– Horace

    • Dear Horace,

      My lemming phase lasted only a short time. But oh those painful years of early puberty when you’re no longer a child but not even a teenager. I was never Twiggy and despite all the torture I put my hair through it just wouldn’t straighten out.
      Fortunately, the answers to my questions were answered and I gave up trying to fit anyone’s mold. Whether or not that’s a good thing…well, I guess it depends on who you ask.

      Thanks for swinging by. Hope you had a good time at the conference. I’m still on the lookout for a nice restaurant in Joplin to meet with our disc golf champion from the Islands.



  • I’d jump off a cliff to get a lemmings pie but the lesson I’ve learned is to never throw a Meringue pie (it tends to boo-meringue back at you). Lovely tribute to tribute to Mr McShane (may his tribe increase).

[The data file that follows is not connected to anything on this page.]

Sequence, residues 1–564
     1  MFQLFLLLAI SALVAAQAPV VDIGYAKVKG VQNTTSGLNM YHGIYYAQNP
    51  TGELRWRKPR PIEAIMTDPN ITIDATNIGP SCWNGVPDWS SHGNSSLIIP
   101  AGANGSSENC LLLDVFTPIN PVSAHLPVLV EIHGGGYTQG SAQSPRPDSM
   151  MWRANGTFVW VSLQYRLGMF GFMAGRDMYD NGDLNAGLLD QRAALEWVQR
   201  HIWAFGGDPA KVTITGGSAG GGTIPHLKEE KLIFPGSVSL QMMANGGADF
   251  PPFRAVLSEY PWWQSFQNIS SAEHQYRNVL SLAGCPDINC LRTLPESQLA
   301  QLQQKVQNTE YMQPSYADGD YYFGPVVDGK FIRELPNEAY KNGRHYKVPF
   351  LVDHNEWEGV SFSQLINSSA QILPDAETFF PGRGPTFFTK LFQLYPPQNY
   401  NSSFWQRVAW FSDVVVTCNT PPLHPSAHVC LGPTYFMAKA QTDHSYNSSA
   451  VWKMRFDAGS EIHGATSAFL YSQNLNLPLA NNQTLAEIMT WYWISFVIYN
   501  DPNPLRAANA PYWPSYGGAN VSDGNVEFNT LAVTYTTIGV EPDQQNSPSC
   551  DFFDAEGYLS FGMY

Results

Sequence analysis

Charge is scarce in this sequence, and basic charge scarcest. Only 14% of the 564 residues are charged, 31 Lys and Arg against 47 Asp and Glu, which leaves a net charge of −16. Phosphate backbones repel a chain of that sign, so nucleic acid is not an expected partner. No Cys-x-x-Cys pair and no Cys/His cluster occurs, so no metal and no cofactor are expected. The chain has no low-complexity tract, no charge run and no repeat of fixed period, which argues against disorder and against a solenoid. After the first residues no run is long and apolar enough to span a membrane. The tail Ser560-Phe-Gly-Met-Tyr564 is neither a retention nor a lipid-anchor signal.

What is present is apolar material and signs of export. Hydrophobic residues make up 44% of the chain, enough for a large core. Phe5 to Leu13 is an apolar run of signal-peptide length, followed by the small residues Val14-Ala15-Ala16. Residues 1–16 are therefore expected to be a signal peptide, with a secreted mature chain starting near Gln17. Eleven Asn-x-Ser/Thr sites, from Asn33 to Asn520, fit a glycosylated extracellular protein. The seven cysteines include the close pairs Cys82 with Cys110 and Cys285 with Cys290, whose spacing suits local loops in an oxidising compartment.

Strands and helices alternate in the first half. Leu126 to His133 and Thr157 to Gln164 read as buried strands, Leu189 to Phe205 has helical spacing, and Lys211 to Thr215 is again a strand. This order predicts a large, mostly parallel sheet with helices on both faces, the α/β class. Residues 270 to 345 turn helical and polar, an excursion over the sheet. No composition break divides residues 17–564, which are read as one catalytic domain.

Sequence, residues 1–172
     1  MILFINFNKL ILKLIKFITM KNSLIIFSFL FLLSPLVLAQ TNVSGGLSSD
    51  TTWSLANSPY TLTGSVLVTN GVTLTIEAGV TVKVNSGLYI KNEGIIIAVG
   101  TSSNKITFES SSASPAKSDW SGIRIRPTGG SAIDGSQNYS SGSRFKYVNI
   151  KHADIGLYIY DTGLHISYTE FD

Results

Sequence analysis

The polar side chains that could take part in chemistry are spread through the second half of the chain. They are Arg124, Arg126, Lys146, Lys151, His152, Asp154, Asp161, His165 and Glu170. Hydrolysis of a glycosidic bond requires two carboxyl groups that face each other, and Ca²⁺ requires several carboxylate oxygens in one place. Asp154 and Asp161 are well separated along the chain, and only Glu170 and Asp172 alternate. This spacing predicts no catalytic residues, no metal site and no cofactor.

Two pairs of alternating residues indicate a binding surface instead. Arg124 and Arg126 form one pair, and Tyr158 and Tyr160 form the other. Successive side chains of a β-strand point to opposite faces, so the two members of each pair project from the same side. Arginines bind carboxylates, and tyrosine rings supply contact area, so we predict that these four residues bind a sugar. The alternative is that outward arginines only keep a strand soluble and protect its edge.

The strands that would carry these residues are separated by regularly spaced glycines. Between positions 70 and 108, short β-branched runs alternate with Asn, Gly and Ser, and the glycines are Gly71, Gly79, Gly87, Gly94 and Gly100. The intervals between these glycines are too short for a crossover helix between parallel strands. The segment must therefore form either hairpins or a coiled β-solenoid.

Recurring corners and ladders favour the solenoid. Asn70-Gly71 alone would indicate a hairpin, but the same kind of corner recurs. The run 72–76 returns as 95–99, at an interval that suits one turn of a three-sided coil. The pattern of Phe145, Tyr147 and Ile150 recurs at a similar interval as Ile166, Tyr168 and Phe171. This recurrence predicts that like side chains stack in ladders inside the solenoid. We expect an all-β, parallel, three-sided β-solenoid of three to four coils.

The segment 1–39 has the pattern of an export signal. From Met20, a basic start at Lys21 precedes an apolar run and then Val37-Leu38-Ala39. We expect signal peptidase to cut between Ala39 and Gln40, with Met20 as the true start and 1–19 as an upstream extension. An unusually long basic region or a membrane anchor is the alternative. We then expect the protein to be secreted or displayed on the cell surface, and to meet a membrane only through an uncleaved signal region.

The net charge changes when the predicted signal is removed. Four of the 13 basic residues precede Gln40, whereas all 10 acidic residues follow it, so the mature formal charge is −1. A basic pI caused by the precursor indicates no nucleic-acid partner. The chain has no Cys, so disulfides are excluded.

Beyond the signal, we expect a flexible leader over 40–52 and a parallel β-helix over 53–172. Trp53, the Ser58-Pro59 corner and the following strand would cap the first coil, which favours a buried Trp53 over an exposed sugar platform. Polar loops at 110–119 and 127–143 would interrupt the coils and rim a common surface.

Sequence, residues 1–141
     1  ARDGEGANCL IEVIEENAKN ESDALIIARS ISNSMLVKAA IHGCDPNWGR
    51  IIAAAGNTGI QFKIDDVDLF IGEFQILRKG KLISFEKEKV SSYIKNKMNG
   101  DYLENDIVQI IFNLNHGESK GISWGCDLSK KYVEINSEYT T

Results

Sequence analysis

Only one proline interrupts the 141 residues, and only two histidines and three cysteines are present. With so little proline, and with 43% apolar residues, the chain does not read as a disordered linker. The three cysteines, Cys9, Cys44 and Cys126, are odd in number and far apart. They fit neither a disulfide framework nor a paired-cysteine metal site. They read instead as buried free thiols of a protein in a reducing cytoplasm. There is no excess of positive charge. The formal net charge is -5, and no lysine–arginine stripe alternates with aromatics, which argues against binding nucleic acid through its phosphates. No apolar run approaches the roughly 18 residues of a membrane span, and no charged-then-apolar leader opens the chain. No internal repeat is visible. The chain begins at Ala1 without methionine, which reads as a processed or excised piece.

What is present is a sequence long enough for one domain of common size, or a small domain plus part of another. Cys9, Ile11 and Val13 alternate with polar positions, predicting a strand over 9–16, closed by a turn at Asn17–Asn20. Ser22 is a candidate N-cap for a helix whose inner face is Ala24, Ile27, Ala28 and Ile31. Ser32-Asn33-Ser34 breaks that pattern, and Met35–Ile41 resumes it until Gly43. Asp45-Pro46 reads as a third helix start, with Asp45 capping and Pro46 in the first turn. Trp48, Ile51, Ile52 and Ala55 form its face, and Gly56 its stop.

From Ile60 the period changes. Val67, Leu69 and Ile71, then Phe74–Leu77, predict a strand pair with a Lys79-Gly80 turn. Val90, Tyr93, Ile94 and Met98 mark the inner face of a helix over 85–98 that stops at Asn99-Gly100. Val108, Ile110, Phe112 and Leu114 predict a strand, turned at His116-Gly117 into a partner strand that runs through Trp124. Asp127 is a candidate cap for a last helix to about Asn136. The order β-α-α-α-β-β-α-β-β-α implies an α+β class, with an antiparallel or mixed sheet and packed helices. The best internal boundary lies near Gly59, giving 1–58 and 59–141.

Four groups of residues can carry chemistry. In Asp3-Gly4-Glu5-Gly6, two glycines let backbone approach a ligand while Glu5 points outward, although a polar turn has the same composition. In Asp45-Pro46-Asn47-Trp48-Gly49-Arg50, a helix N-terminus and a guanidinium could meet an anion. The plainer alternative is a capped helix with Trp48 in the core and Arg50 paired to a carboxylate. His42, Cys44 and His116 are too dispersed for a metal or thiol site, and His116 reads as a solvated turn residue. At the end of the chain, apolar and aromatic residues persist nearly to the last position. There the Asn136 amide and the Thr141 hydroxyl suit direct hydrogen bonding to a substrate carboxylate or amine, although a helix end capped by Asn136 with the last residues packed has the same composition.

• Dear Subroto,

      You get the puntification of the week award. Or should I just call ewe the chief punned-it? In other words, you’ve cracked me up this week.

      Thank you,



    • Dear Freya,

      Sometimes a phrase or idea pops into my head and I just have to go with it. .Lemming meringue pie just seemed to fit. I had a particular boy in mind, too. ;)

      Thank you for commenting. You made me smile.



  • Dear Rochelle,

    Powerful, powerful piece. Wow! Thank you for writing it. I had a teacher or two like Mr. McShane. One that changed my life. That I think about to this day. They helped to shape the woman I am because of their guidance.

    Love, Renee

    • Dear Renee,